Giménez to introduce measure blocking US taxpayer dollars from going to the Taliban
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EXCLUSIVE – Republican Rep. Carlos Giménez is expected to roll out what he describes as a "very simple" bill: "No U.S. taxpayer money goes to the Taliban. Period."
Giménez, R-Fla., is set to introduce his legislation which would prohibit any U.S. taxpayer dollars from being sent to any activity that would benefit the Taliban in Afghanistan politically, militarily or economically.
The intent of the legislation is to extend that prohibition to international organizations as well, according to a Giménez aide, to ensure that no U.S. money can flow from third parties, like the United Nations or the World Bank, to the Taliban.
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"This is a very simple bill," Giménez said in an exclusive interview with Fox News. "No American money, no taxpayer money, will ever go to the Taliban – period. No financial aid, not foreign aid, no aid in any way, shape or form."
"That’s it," he said.
Giménez told FOX Business that there are other pieces of proposed legislation currently circulating on Capitol Hill in which financial aid is a component, but he warned those "could be easy for Democrats to vote against," as they include other provisions.
"This is easy – one thing. No taxpayer money goes to the Taliban, period," Giménez repeated. "Either you’re for it or you’re against it."
"It’s very simple," he added. "I hope Democrats vote for it, and if they don’t, they’re going to have to explain why they didn’t vote for such a simple bill."
The Afghan economy may be on the brink of collapse, just two weeks after the Taliban seized control and toppled the U.S.-backed government in Kabul.
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The country’s economy was already struggling before the Taliban regained power, and the Islamic group’s sudden ascension has prompted the international community to crack down on Afghanistan’s finances, freezing assets and pausing crucial foreign aid.
Days after Kabul collapsed, the Biden administration froze Afghan government reserves held in U.S. banks, blocking the Taliban from accessing billions of dollars, FOX Business confirmed.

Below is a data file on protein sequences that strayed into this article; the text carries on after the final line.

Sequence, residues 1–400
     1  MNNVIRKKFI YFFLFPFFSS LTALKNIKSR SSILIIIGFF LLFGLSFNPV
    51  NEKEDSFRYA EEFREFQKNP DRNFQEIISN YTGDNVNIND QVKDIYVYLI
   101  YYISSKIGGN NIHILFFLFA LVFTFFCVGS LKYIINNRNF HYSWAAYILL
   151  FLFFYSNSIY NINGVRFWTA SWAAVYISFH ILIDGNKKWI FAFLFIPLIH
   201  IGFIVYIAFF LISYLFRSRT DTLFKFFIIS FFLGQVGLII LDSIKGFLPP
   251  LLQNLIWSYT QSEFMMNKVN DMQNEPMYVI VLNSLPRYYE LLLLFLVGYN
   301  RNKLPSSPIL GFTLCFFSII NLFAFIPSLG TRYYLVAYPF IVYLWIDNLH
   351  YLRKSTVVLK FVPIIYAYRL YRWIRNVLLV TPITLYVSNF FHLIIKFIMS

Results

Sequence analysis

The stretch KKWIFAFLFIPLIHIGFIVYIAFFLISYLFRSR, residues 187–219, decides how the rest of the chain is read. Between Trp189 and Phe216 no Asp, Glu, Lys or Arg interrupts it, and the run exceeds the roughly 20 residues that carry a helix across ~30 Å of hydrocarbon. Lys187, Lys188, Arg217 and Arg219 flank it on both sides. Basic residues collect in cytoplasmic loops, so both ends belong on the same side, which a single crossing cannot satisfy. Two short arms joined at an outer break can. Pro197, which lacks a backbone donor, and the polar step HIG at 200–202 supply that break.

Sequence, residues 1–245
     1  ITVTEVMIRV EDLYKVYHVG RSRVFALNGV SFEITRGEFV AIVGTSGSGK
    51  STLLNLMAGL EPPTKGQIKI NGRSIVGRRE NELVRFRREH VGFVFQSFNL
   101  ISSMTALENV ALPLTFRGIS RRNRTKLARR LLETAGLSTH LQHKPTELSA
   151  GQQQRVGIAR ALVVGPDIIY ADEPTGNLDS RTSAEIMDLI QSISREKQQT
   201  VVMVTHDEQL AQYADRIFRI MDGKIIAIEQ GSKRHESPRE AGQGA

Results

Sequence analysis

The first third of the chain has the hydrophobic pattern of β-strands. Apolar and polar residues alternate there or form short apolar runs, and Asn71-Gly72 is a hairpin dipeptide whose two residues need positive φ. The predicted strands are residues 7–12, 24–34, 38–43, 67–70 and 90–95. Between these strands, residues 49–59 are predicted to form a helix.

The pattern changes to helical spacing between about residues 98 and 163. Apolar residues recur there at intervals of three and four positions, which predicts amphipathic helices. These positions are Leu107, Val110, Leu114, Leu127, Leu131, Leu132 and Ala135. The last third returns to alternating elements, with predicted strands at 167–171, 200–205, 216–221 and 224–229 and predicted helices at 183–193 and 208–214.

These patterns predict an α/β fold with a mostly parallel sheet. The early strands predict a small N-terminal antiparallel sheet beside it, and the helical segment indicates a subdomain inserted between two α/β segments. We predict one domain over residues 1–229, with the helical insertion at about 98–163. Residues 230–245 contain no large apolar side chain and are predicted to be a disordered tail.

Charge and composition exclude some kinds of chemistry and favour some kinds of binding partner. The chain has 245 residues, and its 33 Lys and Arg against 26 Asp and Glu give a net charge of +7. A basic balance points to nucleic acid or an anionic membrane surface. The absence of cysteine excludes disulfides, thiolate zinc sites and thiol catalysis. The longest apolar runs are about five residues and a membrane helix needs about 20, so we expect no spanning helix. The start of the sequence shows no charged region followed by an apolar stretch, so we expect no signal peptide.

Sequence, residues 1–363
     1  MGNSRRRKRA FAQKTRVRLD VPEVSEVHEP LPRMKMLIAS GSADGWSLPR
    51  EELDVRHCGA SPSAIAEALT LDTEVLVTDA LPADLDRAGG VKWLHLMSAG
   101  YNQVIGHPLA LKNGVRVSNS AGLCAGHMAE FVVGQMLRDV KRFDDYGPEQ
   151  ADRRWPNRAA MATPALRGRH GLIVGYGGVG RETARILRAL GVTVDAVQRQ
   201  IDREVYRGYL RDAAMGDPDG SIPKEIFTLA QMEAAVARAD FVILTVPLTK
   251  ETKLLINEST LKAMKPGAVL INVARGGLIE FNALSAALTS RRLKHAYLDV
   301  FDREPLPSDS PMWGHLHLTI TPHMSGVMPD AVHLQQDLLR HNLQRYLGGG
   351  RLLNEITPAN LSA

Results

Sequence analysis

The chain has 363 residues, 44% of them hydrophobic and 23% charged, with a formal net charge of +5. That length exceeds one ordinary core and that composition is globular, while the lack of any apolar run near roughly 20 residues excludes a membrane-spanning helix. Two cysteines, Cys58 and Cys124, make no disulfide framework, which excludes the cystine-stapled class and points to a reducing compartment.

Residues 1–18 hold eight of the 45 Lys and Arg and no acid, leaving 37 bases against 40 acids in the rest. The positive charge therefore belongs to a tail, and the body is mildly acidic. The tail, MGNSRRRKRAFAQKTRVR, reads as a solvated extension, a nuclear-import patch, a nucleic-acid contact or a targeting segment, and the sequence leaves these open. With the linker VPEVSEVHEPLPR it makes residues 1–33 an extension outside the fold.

"Any Central Bank assets the Afghan government have in the United States will not be made available to the Taliban," an administration official told FOX Business.
White House national security advisor Jake Sullivan on Tuesday was asked whether the U.S. would provide economic assistance to the Taliban.
Sullivan, during an interview with ABC’s "Good Morning America," said the Biden administration believes there is an "important dimension of humanitarian assistance that should go directly to the people of Afghanistan," with respect to "health, food aid and other formers of subsistence."
"And we do intend to continue that," Sullivan said.
As for the Biden administration’s relationship with the Taliban with regard to economic and developmental assistance, Sullivan said that was dependent on "the Taliban’s actions."
"It will be about whether they follow through on their commitments – their commitments to safe passage for Americans and Afghan allies, their commitment to not allow Afghanistan to be a base from which terrorists can attack the United States or any other country, their commitments with respect to upholding their international obligations," Sullivan said.
"It’s going to be up to them," he continued. "And we will wait and see by their actions how we end up responding in terms of the economic development."
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Sullivan was pressed on whether the humanitarian assistance would flow through the Taliban – which he denied, saying, instead, that humanitarian assistance goes through international institutions like the World Health Organization or the World Food Program.
"We do go through non-governmental organizations who are still operating on the ground in Afghanistan as we speak," he added. "It will not flow through."
But Giménez, during his interview with Fox News, took issue with Sullivan’s response, as well as President Biden’s comments during his address to the nation Tuesday, referring to the Taliban’s commitment to safe passage for Americans remaining in Afghanistan.
"I think they are trying to set up the American people to say that somehow, there will be some great tug of war between ISIS-K and the Taliban," Giménez said, saying the administration is "painting ISIS-K as the really, really bad people, and the Taliban as the ones that are going to protect us from ISIS-K."
"That’s what they’re trying to sell to America," Giménez said.
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"They all have one common enemy – the United States and the West. We are the common enemy," he explained.
He added: "This president is wrong now, has been wrong in the past, and unfortunately, he will be wrong in the future and put America, and the west, at risk."
Meanwhile, President Biden defended his decision to withdraw all U.S. troops from Afghanistan, shouldering full "responsibility" for the move, while also blaming his predecessor, former President Trump, and the Afghan security forces for the crisis leading to the Taliban takeover of the country.
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The last U.S. troops left Afghanistan Monday afternoon, marking an end to America’s longest war.
Now, the Taliban is pushing to restore the Islamic Emirate of Afghanistan, the formal name of the country under the Taliban rule before the militants were ousted by U.S-led forces in the wake of the 9/11 attacks. Those attacks were orchestrated by al Qaeda while it was being sheltered in Afghanistan by the Taliban.
FOX Business' Megan Henney contributed to this report.
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